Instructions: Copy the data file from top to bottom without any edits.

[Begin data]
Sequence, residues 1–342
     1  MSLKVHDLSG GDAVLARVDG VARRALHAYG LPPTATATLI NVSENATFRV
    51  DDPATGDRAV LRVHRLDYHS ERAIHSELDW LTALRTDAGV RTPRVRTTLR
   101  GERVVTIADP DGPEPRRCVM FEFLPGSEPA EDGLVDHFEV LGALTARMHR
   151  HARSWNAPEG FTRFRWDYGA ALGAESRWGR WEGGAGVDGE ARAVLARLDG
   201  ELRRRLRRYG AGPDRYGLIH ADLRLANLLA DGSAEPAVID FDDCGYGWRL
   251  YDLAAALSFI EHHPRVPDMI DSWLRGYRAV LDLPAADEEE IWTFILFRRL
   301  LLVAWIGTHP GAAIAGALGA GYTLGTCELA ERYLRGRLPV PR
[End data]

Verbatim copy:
Sequence, residues 1–342
     1  MSLKVHDLSG GDAVLARVDG VARRALHAYG LPPTATATLI NVSENATFRV
    51  DDPATGDRAV LRVHRLDYHS ERAIHSELDW LTALRTDAGV RTPRVRTTLR
   101  GERVVTIADP DGPEPRRCVM FEFLPGSEPA EDGLVDHFEV LGALTARMHR
   151  HARSWNAPEG FTRFRWDYGA ALGAESRWGR WEGGAGVDGE ARAVLARLDG
   201  ELRRRLRRYG AGPDRYGLIH ADLRLANLLA DGSAEPAVID FDDCGYGWRL
   251  YDLAAALSFI EHHPRVPDMI DSWLRGYRAV LDLPAADEEE IWTFILFRRL
   301  LLVAWIGTHP GAAIAGALGA GYTLGTCELA ERYLRGRLPV PR